The top-flight soccer team based out of Glasgow, Scotland, Celtic FC, has recently come under fire for their infamous alliance with Palestine and strong grievances against the state of Israel.
Though the team has no direct relations with Israel and their holistic military approach in the heart of the Middle East, they find many similarities with Palestine, specifically a heartfelt adage from their club song, “The Fields of Athenry.”
This song outlines the turbulent times of an Irish family who was dispossessed of their land and forced to starve during the Great Irish famine. The husband in the story is caught stealing and is deported to Australia, leaving the wife to take care of the family.
Celtic fans are deeply sympathetic to this story and often take flags to their ground to show solidarity to the oppressed. Or at least, that is what they tell the media.
In 2016, they defied warnings from European football’s governing body, the Union of European Football Associations (UEFA), and hoisted Palestinian flags at one of their home games. This game was against no other than Hapoel Boer Sheva, an Israeli outfit.
Celtic were fined £8,616 by UEFA for breaking the rules, using “gestures, words, objects or any other means to transmit any message that is not fit for a sports event.”
In a previous instance, they were fined £15,000 after a Palestinian flag was displayed at a Champions League qualifier against KR Reykjavik.
The Green Brigade, a group of die-hard Celtic supporters, recently took out a banner, “Refugees welcome, a club founded by immigrants.”
While they claim to be supportive of the oppressed, they forget the variance in the Israel-Palestinian conflict, which is often reported with a biased touch in favor of Palestinians.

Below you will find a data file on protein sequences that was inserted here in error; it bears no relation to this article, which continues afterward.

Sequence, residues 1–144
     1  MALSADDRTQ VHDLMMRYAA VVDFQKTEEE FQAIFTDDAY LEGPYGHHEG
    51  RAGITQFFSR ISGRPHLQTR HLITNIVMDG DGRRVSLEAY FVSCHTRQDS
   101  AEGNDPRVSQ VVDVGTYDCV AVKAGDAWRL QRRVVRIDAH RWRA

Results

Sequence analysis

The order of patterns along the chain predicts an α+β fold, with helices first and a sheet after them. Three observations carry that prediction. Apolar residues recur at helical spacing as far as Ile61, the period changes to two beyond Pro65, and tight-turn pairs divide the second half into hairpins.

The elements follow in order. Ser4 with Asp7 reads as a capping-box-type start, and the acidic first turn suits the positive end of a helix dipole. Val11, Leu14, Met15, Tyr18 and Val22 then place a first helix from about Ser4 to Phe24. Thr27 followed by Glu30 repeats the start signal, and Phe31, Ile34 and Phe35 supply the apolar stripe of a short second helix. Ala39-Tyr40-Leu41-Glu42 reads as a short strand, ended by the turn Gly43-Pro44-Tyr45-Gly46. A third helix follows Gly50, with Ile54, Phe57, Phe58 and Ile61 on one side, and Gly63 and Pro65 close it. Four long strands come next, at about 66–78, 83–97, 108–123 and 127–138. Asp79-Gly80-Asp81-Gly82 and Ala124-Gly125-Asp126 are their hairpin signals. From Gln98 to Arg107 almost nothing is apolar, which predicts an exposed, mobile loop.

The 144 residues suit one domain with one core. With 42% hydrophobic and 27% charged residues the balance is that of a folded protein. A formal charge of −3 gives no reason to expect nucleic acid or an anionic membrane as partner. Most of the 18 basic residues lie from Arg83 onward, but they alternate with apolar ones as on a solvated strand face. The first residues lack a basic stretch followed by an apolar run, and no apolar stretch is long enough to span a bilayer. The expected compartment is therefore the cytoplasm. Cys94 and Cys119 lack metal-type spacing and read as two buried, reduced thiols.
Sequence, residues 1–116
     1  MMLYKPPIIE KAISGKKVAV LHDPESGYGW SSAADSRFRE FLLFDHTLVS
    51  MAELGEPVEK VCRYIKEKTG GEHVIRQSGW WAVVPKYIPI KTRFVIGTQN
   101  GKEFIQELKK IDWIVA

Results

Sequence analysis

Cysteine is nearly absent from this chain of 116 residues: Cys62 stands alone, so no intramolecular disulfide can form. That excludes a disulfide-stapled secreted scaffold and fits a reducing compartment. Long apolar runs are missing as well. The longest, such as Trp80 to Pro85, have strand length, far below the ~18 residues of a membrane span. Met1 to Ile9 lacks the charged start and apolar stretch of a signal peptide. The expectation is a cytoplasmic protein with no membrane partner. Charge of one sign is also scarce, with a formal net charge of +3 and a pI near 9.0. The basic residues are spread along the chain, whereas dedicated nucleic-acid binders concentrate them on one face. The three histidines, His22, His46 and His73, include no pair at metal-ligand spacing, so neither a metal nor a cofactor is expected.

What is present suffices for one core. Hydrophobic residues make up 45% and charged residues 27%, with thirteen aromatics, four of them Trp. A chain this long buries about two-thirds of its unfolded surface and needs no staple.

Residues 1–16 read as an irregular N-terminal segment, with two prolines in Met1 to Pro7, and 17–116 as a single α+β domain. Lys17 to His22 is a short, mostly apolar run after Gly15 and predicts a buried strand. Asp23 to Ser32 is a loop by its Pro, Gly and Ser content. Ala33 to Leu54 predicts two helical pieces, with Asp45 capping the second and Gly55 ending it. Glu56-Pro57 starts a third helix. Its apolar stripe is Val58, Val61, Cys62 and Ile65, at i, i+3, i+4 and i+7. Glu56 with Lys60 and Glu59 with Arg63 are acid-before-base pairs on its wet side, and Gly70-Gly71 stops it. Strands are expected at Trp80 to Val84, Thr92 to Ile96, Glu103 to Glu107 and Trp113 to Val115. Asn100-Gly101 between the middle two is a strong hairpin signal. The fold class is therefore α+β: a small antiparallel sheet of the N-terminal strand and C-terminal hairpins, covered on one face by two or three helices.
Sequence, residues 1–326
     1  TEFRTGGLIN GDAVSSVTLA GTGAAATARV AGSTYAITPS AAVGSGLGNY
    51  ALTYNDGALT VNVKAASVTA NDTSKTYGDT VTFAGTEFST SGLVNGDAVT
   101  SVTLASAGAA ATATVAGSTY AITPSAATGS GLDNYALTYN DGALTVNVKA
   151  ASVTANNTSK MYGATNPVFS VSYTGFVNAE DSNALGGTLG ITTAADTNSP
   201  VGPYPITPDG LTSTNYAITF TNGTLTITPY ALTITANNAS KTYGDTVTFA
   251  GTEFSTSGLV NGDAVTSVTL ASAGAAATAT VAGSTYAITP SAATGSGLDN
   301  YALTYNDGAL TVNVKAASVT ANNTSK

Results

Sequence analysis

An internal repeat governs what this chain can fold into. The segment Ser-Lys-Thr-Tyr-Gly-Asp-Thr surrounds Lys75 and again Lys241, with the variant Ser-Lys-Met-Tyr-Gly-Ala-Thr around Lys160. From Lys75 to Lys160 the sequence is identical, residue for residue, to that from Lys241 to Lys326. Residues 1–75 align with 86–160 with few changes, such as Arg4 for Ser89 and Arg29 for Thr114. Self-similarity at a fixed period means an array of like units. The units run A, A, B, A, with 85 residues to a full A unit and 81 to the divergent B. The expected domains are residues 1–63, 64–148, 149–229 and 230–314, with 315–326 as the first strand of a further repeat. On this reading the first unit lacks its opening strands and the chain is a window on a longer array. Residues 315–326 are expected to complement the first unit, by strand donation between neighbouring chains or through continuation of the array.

Celtic and their fans seem to back Palestine, which plays the victim card in the region, often drawing worldwide criticism to what is defined as counter-terrorism by Israel.
Though they portray an alliance with the oppressed, Celtic and their fans seem to ignore the atrocities of Hamas, which aims to liberate Palestinian people from Israeli occupation and restore their rights under the sacred Islamic teachings of the Quran, the Sunnah (traditions) of the Muslim Prophet Muhammad.
Aside from training fifteen year-old kids to exterminate the Jews, Hamas is often accused of firing rockets from densely populated areas so Israeli forces won’t be able to fire back.
An Indian TV crew from NDTV India were able to film Palestinian militants setting up a rocket launcher outside a Gaza hotel. Nevertheless, the Palestinian sympathizers, which represent the core of the Celtic FC fan base, stay willfully ignorant and fail to admit the actual narrative happening between Israel and Palestine.
During the game where they played the Israeli team, Hapoel Boer Sheva, Celtic and their fans sent leaflets outside the stadium that undermined the Israel-Palestinian conflict, and even raised more than £130,000 for Palestinian charities, many of which direct their donations to Hamas.
The fact that Celtic and their fans took this victim worshipping motto ingrained in their club song to such an extreme politicized landscape speaks volumes about the association they seem to garner with Palestine, and I hope this team and their fanbase comes to their senses soon and realizes that they’re supporting nothing other than terrorism.